The Parallels Between Economics and State Power

Risk level: Yellow

RED: Severe (+/- 4%) ORANGE: High (+/- 3%) YELLOW: Elevated (+/- 2%) BLUE: Guarded (+/- 1%)


-Trump saves the day

-Don’t bet on a Beijing Consensus

It was a busy weekend. US President Donald Trump signed executive orders aimed at extending financial support for the estimated 20 million people in the country off the payrolls. But, with the executive branch unable to do anything with the purse strings, questions remain whether it will stick. Saudi Aramco, meanwhile, reported a heavy loss in the second quarter, but expected demand in the Asian economies to accelerate. On the global spectrum, we continue to watch as the nodes of multipolarity consolidate. When the dust settles, the global power centers might be in unexpected places.

The price for Brent crude oil rose some 2.5% during the week ending Aug. 7, more or less in line with the Yellow alert issued last week. Crude oil prices jumped in the early part of the week on data showing commercial oil stockpiles in the United States plummeted, though fuel inventories, particularly diesel, continued to elevate. Brent posted its highest mark since early March on Wednesday, but eased back somewhat on global economic concerns. If Brent gets too hot, there could be a reversal in store.

President Trump has created a divided political and social culture by intent. Lawmakers in the Democratic party tabled social support legislation early this year, while Republicans ran out the clock before making a low-ball offer. Sharp partisan differences in an election year left any real deal-making on the cutting room floor. That shows there are (at least) two sides to the Trump administration. During his tenure as a real-estate tycoon and on the campaign trail, Trump has touted himself as a deal-maker and the lack of real diplomacy in the US political system shows he’s failed to deliver. That said, political dysfunction plays to his narcissism and, with jobless claims continuing to climb, he can claim himself the savior.

“Political games that harm American lives are unacceptable, especially during a global pandemic, and therefore I am taking action to provide financial security to Americans,” an executive order on social welfare read.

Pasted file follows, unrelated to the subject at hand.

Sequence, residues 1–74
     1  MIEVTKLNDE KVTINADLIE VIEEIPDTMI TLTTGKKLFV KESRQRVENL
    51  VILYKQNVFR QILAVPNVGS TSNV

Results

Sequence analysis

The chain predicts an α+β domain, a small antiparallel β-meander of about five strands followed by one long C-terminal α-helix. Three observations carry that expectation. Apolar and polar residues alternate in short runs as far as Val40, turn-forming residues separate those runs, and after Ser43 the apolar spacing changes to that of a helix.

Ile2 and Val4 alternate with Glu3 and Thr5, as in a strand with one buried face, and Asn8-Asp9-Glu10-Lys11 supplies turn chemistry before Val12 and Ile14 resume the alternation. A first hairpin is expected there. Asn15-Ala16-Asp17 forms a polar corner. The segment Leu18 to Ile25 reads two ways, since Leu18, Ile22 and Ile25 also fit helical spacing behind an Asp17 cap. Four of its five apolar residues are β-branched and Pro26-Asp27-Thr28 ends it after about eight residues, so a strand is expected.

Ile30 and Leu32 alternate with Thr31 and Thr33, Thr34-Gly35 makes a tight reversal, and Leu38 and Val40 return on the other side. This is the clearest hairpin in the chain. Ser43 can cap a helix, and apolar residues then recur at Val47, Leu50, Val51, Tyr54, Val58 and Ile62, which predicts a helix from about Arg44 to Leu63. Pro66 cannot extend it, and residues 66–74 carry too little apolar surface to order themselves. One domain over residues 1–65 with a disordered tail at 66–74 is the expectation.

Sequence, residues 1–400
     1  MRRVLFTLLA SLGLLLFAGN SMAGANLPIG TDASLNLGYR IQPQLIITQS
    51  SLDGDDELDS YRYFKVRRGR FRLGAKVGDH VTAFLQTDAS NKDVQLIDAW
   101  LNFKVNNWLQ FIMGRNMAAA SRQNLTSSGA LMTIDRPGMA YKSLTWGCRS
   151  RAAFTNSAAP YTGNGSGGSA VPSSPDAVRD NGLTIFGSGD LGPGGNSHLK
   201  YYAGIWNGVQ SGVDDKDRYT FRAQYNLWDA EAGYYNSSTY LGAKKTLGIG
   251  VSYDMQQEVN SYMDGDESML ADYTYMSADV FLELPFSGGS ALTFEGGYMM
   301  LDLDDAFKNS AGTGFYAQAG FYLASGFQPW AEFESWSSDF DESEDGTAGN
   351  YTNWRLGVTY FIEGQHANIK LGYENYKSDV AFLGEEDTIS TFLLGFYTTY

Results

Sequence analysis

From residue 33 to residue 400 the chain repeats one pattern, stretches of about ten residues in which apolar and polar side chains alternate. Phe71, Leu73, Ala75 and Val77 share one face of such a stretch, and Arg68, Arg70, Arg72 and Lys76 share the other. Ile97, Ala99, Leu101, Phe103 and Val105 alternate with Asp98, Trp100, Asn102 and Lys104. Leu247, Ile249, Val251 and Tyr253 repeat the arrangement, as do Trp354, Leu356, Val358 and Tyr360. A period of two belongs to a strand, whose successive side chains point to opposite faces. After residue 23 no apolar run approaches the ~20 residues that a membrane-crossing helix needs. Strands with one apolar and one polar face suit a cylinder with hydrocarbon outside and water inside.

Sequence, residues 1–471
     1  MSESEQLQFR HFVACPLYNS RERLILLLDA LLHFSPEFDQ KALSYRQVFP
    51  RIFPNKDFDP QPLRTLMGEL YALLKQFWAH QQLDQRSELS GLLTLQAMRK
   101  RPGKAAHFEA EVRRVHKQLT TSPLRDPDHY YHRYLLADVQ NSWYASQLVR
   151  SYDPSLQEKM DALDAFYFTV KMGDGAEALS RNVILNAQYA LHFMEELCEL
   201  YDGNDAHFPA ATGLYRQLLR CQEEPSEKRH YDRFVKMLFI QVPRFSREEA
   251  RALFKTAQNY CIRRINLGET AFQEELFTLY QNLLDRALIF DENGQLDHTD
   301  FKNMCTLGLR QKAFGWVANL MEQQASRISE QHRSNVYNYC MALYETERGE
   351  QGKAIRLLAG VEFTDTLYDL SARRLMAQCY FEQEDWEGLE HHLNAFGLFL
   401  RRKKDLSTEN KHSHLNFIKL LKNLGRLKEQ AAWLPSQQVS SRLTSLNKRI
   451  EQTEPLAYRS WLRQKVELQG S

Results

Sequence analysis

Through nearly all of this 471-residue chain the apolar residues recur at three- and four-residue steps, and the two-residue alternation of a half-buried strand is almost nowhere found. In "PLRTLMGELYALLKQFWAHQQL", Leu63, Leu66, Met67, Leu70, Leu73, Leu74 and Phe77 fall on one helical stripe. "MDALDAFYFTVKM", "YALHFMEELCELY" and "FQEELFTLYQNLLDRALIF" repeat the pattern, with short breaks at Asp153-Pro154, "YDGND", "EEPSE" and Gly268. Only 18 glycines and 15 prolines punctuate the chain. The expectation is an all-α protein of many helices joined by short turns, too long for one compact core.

A complex package, however, may take months to implement and its questionable whether the president has legal grounds to unlock federal money. And while much of the headline news will play into the president’s hands, his proposal does little to provide holistic relief. Like the response to the coronavirus, Trump’s order defers some of the burden to the states, which are already bleeding money. To make matters worse, the order suspends the collection of payroll taxes for those making less than $100,000 annually, though it’s those taxes that help pay for Social Security, Medicare and other federal support programs. On paper, the president can declare a win. But the details make it more like paper-tiger policy. Nevertheless, seizing Congressional power for his own shows not only his narcissism, but his unchecked ability to pursue absolutism. The market loves it, though the market is not the economy.

The US economy posted a sharp contraction in the second quarter. That’s not necessarily the case elsewhere in the world. While most European economies are in decline, it’s not nearly as severe as the 32.9% contraction in the US economy. And like its counterparts it in the United States, Saudi Aramco, the world’s largest oil exporter, recorded a 73% drop in profits during the second quarter. The pressure from the quarantine economy and historically low oil prices clearly hurt the bottom line. Nevertheless, Aramco President & CEO Amin Nasser said there were signs that parts of the energy market were recovering as countries ease back on pandemic restrictions. That demand is coming mostly from the Asian economies.